U.S. Equal Employment Opportunity Commission
Victory Nissan of Dickson Fired Employees for Protesting Sexual Harassment, Federal Agency Charges
NASHVILLE, Tenn. – Cappo Management XX, Inc., the owners of a Dickson, Tenn., automobile dealership, violated federal law by firing three employees for protesting sexual harassment, the U.S. Equal Employment Opportunity Commission (EEOC) charged in a lawsuit it filed on March 5, 2012.
The EEOC’s suit Civil Action No. 3:12-cv-00239, filed in U.S. District Court for the Middle District of Tennessee, Nashville Division, alleged that Cappo fired Korie Dunn, Traci Manor and Carolyn Love, salespersons at Victory Nissan of Dickson, because they complained about sexual harassment by their sales manager. After they complained as a group, Cappo placed them on a paid leave of absence for a week. When they returned, Cappo said that it had fired the sales manager after he failed to show up for an interview about their complaints. Cappo then fired them the same day for allegedly poor sales.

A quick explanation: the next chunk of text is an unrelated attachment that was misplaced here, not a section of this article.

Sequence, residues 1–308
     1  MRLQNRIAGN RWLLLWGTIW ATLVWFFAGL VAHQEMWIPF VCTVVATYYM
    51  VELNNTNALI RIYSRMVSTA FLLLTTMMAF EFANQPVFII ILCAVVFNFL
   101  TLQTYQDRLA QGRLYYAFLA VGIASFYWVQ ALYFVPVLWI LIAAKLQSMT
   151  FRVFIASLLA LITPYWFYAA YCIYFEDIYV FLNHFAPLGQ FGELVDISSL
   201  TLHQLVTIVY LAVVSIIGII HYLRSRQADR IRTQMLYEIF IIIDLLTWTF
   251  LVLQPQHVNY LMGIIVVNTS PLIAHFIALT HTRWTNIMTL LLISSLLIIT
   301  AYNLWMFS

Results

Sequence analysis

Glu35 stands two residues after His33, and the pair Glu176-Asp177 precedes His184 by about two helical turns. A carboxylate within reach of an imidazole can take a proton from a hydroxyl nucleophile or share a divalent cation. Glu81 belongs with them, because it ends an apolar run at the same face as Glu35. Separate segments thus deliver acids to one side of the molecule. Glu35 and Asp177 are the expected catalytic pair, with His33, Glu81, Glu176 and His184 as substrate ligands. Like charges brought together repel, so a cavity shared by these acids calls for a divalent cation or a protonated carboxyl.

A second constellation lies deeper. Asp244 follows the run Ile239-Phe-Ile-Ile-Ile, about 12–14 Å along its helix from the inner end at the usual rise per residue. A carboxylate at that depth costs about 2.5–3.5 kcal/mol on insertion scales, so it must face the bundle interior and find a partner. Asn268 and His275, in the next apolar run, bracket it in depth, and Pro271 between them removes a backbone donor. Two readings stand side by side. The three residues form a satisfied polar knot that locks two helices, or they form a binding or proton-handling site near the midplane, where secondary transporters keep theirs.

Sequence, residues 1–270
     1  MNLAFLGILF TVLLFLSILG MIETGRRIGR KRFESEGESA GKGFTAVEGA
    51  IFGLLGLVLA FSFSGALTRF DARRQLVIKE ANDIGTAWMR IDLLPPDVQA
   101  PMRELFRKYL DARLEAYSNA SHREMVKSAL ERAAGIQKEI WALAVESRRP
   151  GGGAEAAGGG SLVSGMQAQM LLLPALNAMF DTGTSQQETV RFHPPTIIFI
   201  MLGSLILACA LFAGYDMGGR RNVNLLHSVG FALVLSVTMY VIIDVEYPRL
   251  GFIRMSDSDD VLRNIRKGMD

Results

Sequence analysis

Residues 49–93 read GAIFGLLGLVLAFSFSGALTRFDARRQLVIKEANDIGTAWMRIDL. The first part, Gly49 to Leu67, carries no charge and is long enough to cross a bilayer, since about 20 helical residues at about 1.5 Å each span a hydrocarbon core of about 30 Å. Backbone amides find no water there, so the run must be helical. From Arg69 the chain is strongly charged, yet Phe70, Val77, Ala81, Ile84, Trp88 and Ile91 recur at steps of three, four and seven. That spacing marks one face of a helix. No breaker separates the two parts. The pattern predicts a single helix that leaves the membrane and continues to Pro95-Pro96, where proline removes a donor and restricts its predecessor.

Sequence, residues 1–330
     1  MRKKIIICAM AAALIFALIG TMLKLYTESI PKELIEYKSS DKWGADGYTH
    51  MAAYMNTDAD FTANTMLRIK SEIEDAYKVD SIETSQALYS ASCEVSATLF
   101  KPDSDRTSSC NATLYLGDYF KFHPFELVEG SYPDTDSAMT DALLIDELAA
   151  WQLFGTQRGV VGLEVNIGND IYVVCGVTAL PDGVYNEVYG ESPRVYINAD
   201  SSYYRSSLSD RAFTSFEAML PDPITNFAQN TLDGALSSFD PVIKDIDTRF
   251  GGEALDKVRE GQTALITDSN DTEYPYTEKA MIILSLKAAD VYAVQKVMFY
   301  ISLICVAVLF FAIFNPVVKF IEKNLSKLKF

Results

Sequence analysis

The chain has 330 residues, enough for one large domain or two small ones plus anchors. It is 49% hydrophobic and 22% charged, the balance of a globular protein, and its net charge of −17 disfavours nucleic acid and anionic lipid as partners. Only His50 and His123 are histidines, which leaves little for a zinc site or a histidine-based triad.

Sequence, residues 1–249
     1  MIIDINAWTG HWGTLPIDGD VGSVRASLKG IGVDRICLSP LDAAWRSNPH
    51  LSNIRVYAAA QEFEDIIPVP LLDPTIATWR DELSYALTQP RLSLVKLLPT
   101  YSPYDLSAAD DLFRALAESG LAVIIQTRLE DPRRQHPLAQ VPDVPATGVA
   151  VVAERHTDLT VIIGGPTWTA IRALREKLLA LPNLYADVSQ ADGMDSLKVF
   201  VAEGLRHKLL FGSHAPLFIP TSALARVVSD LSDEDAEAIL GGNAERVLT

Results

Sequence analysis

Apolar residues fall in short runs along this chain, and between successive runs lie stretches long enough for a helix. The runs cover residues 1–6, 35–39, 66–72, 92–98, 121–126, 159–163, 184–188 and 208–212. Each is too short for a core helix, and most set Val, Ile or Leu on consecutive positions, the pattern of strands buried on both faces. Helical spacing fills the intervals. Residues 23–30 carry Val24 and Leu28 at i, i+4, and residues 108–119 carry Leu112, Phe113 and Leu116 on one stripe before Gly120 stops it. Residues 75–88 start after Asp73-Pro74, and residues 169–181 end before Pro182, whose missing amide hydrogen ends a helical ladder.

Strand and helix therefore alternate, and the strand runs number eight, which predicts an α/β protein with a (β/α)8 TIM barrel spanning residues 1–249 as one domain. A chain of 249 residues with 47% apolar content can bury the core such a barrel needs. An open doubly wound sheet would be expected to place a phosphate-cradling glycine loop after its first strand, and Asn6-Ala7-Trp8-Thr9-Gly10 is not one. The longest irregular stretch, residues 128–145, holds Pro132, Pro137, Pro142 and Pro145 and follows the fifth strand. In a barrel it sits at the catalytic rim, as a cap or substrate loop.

Retaliation for complaining about sexual harassment violates Title VII of the Civil Rights Act of 1964. The EEOC filed suit after first attempting to reach a pre-litigation settlement through its conciliation process.
“Federal law provides that employees have a right to complain about practices they believe are unlawful without repercussions,” said Katharine W. Kores, director of the EEOC’s Memphis District Office.
The EEOC enforces federal laws prohibiting employment discrimination. Further information about the EEOC is available on its web site at www.eeoc.gov.